The keyword for the 2024 NeMLA convention is “surplus”—for critical and creative work that, in addition to the commonly associated meanings of profit and value, can be more broadly construed as excess or excessive, as surfeit, or what is leftover, or unwanted.
In keeping with NeMLA's theme on “Surplus,” this roundtable will interrogate the works of Richard Wright and Ann Petry and how they have been interpreted as “excessive.” It seeks to examine how their work has been understood as excessively: masculine, feminist, violent, Communist, leftist, assimilationist, naturalist, realist, etc. This roundtable seeks to look at two major African American authors of the twentieth century whose boundary pushing were seen as "excessive."
This panel invites submissions on literature and media from the U.S. Virgin Islands and Puerto Rico.
Papers can respond to a wide range of questions, including (but not limited to):
International conference: Streaming in the Global South
Institute of Asian and Transcultural Studies, Vilnius University, Lithuania
Vilnius, 18-20 January 2024
The Institute of Asian and Transcultural Studies (Vilnius University) and the Centre for Creative and Cultural Practice (University of East London) invite proposals for conference papers on streaming and video online distribution in the Global South.
Leadership is a subject of different studies and analyses that attempt to understand what makes a person a leader and how it is different from management. Indeed, social sciences, management studies, and even Humanities manifest great interest in leadership, its characteristics, roles, importance, and primordiality for companies and businesses' success. Hence, the important number of studies and analysis.
What can be said about epic today? Although M.M. Bakhtin famously declared the impossibility of epic in a modern, polyphonic world in 1941, the category has remained a dynamic source of artistic and critical interest. The works considered in studies like Franco Moretti’s Modern Epic (1994), Sneharika Roy’s Postcolonial Epic (2018), or Václav Paris’s Evolutions of Modernist Epic (2021) re-evaluate epic as a multifarious category capable of shedding light on the global, postcolonial, and postmodern condition of contemporary literature—either as a site of resistance or as a form of cultural domination. Yet even in its new, polyphonic forms, the idea of epic is rarely severed completely from its classical roots.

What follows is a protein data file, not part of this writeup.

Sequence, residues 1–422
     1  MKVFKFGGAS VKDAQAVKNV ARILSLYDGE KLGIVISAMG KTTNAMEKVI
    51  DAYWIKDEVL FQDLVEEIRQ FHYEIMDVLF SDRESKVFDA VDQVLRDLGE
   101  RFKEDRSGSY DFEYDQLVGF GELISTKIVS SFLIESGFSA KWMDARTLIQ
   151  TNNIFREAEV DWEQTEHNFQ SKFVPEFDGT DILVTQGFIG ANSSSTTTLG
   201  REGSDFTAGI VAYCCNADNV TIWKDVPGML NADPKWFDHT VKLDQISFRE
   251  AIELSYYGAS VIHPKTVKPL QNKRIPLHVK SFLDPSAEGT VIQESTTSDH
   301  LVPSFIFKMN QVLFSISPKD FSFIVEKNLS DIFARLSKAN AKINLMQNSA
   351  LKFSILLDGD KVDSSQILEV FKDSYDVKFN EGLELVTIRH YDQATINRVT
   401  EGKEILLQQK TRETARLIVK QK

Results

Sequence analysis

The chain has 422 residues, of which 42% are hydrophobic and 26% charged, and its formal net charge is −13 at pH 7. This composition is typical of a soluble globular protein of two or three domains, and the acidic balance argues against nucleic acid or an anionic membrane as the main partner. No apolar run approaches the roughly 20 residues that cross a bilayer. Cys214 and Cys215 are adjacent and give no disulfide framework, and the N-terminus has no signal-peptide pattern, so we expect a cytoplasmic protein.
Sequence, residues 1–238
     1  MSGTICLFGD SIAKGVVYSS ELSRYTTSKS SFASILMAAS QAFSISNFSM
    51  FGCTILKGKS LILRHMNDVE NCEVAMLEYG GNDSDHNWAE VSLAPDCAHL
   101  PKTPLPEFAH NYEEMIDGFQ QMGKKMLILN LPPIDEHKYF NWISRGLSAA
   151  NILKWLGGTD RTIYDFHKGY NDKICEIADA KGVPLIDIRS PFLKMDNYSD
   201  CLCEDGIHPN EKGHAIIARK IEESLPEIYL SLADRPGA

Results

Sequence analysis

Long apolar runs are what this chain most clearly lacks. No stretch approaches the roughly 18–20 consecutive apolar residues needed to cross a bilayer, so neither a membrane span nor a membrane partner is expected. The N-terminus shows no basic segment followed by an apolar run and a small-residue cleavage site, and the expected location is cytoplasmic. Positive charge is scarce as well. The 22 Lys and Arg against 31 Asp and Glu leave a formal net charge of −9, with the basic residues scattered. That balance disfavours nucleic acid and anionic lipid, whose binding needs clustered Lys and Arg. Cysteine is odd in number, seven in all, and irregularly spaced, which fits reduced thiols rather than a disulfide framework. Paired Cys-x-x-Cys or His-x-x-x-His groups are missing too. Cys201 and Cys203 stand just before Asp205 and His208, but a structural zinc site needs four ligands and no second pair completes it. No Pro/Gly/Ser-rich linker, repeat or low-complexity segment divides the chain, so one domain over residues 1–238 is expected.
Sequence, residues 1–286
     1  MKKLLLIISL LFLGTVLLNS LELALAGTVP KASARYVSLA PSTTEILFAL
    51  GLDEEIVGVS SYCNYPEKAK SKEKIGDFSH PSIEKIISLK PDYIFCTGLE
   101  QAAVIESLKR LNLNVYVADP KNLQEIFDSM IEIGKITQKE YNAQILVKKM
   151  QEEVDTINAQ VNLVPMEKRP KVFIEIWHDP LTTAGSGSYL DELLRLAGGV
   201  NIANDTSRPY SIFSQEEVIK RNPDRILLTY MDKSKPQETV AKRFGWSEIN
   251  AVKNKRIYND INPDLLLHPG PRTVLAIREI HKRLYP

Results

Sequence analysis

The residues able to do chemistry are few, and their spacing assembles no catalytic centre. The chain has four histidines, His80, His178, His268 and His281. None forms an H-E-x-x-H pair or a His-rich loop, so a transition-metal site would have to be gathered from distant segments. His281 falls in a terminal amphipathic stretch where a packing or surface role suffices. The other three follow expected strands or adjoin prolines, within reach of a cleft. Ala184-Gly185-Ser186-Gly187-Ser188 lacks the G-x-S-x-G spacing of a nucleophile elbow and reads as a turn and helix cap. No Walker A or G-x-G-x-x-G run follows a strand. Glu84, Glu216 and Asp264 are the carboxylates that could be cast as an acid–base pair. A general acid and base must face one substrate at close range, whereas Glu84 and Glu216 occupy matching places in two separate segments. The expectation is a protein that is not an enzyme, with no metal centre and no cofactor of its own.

In this roundtable session, we intend to prompt a conversation about the prevailing beliefs concerning “digital natives” in the context of the pandemic-era college writing classroom. As most current college writing students have had some experience, typically for the first time, with online learning in high school during the pandemic, we want to foster a discussion about college instructors’ experiences of their students’ abilities, including the associated opportunities and pitfalls, in attempting to navigate these online academic environments.
We would like to invite proposals for chapters for a forthcoming edited collection on animals, fashion, and colonialism. Our project investigates the way that colonialism was inscribed on the female body through animal fashions in the long nineteenth century and beyond. Contributions are welcome from a wide variety of fields, with interdisciplinary approaches preferred.
Potential topics include but are not limited to the following:
This creative panel will be dedicated to nonfiction stories of excess and loss, of fear and humiliation. Through personal accounts that unfold around moments of trauma—of violences big and small—we will explore the place of resilience and revelation amid a surplus of pain.
This session highlights interdisciplinary scholarship on contemporary Black satire from roughly 2013 to the present, such as how the TV series Atlanta and related texts serve as microcosmic exemplars for Black satirists’ commentary on life in the United States after Obama.
Abstracts are encouraged to take an interdisciplinary approach to their engagement with literary and cultural works that speak to the state of Black satire and American society since 2011. Please submit a 200-300 word abstract and a brief bio (50-100 words) by October 15, 2023. All abstracts must be submitted via https://www.cfplist.com/nemla/Home/S/20616.